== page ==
Why Africa matters to Brazil
Today the Center of International Relations, based at Fundação Getulio Vargas' School of Social Science and History (CPDOC) in São Paulo, organized a debate entitled "Brasil e África: Uma ponte sobre o Atlântico?" (Brazil and Africa: Bridging the Atlantic?). Fernando Mourão, sociology professor at the University of São Paulo (USP) and Alexandre Barbosa, who lectures on economic history at USP, gave presentations of the state of Brazil - Africa relations.
Brazil’s presence in Africa is growing– nothing symbolizes this reality better than the 37 Brazilian embassies that now exist across the continent, providing Brazil with a stronger diplomatic representation than traditional powers such as Great Britain. Yet what is Brazil’s Africa strategy, and what are its interests? Are we witnessing an intense yet unsustainable rapprochement (as seen before), or is this just the beginning of a long-lasting and ever closer cooperation?
Both speakers contrasted the low point of Brazil-Africa relations in the 1990s, when Presidents Collor and Cardoso put a focus on strengthening ties with the US, with President Lula's decision to make Africa a priority in Brazil’s effort to diversify its partnerships. Brazil's motivations had both idealist and realist elements: Lula pointed to Brazil’s ‘historic debt’ to Africa, saw cultural ties and sought to strengthen South-South relations in general to balance what he saw as overly powerful established powers. At the same time, he recognized that Africa’s markets offered great potential for Brazilian companies.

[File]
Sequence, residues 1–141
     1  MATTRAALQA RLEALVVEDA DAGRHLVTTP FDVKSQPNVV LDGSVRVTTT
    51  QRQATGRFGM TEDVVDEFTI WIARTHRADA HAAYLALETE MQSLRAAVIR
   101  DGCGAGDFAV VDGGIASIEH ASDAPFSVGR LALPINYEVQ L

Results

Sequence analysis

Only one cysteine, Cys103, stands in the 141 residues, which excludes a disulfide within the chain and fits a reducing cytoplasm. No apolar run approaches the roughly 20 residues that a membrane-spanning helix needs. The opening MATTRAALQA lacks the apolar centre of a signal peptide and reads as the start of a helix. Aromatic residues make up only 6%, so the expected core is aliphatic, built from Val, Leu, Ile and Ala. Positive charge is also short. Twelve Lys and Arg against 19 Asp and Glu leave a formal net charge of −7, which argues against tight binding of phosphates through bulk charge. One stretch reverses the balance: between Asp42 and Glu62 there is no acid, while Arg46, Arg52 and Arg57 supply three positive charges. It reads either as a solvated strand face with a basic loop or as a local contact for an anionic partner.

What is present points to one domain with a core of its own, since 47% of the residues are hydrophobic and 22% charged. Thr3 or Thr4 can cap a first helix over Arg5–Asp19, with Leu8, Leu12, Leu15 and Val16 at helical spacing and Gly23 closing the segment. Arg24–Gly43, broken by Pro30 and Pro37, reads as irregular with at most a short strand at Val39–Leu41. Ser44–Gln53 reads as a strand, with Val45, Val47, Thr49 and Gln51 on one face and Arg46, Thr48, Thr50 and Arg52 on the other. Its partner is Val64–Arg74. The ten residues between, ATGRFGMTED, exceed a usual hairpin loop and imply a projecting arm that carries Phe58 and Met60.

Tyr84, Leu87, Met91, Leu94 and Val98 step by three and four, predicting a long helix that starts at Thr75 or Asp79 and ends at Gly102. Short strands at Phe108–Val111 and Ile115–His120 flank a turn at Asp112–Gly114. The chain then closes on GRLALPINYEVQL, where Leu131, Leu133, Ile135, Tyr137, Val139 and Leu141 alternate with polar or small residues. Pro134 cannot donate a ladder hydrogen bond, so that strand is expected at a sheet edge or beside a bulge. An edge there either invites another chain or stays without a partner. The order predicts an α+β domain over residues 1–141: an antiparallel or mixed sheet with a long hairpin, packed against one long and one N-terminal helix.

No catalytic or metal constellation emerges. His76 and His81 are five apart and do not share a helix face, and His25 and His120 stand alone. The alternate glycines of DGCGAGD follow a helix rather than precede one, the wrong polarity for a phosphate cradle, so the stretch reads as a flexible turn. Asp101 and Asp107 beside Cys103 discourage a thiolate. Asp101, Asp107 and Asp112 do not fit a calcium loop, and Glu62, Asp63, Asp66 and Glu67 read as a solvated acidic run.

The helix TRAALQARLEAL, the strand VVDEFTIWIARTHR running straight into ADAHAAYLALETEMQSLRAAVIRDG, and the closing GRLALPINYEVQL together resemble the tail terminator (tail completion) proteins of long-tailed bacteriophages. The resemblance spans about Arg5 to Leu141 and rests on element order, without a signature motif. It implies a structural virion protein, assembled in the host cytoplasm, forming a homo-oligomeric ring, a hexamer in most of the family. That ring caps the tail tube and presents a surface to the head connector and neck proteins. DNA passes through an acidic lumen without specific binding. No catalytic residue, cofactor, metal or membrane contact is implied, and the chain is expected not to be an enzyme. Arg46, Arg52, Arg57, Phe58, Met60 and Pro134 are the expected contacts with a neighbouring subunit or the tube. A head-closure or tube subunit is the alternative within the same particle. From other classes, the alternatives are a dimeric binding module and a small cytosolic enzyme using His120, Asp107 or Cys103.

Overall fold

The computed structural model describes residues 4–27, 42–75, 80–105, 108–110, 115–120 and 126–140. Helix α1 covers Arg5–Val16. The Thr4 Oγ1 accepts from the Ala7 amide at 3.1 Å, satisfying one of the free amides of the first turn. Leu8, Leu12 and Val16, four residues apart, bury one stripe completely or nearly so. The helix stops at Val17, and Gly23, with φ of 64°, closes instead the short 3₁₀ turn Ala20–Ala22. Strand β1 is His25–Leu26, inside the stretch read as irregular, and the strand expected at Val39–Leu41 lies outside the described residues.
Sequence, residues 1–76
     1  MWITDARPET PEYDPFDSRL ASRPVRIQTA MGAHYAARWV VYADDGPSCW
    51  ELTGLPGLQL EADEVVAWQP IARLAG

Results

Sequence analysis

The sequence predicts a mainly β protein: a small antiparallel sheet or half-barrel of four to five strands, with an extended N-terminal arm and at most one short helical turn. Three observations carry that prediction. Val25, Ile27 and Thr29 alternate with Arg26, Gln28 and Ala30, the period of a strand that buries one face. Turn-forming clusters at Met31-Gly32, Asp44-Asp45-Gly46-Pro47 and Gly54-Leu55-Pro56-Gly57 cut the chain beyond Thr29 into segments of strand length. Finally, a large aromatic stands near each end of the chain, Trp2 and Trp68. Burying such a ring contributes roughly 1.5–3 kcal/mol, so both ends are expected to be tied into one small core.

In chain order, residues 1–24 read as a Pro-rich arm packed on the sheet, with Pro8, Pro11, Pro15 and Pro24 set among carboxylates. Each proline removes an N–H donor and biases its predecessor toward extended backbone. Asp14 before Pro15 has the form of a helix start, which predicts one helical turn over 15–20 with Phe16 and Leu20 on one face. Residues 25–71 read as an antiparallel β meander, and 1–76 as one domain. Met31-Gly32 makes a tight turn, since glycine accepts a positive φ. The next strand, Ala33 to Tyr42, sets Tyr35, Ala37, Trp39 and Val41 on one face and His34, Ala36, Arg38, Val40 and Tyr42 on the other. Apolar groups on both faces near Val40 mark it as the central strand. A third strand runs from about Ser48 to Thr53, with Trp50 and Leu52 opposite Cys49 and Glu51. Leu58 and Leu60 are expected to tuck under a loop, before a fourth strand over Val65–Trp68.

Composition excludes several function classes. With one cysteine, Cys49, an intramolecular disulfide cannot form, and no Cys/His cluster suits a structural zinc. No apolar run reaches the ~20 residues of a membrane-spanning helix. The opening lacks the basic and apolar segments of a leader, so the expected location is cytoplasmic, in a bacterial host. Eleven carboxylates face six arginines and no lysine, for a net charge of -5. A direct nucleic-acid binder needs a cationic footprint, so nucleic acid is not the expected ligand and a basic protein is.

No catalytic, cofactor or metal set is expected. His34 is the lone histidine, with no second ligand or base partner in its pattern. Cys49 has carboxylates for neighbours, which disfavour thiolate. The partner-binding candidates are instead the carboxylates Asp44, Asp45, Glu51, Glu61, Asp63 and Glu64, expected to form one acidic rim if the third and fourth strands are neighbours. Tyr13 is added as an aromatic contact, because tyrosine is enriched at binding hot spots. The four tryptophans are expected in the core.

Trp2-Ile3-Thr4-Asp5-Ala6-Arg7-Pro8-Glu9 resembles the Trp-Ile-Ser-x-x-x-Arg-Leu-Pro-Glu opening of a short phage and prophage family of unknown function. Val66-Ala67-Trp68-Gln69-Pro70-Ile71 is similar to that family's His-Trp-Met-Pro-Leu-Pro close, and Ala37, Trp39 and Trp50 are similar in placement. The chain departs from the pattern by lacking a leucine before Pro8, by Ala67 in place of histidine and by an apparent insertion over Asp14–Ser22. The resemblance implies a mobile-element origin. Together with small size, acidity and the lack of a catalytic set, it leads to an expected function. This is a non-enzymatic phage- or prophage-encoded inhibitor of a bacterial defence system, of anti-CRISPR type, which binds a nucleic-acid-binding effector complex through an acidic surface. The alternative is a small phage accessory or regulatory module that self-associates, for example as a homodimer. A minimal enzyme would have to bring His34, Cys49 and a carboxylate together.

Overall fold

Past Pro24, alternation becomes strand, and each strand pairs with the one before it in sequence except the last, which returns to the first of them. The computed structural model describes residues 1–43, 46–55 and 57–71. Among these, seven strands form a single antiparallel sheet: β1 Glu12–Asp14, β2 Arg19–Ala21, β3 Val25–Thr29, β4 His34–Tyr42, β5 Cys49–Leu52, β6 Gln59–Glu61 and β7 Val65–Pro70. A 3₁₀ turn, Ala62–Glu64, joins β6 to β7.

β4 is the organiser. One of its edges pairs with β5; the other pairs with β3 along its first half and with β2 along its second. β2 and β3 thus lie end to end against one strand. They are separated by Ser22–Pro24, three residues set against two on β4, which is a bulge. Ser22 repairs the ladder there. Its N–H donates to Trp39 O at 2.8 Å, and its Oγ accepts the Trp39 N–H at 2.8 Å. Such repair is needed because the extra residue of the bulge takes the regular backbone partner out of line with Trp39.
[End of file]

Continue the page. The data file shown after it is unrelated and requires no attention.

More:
Both Mourão and Barbosa argued that Lula's decision to strengthen ties to African nations has been wrongly accused of being the outgrowth of an anachronistic developmentalist ideology. Barbosa and Mourão both pointed out that the Brazilian press continues to be overly critical of Brazil's growing presence in Africa, for example by frequently citing the financial burden of opening embassies in little known and relatively poor countries. Barbosa said racist elements were still present among part of Brazil's elites, and that even the Baron of Rio Branco, considered to be the 'father of Brazilian diplomacy', was known to have favored diplomats with Caucasian features to get the top jobs within the Foreign Ministry.
Barbosa cited the many dimensions in which Brazil benefitted from stronger ties to Africa, and said it was thanks to African votes that Brazil's José Graziano da Silva was elected FAO's Director-General. Barbosa rejected the notion that Brazil was running the risk of turning into another China, yet Mourão pointed out that many Brazilian expats living in Africa often do too little to engage with locals, preferring to live in their gated communities far from African reality. That may be too little to maintain the excellent reputation Brazilians still enjoy across Africa.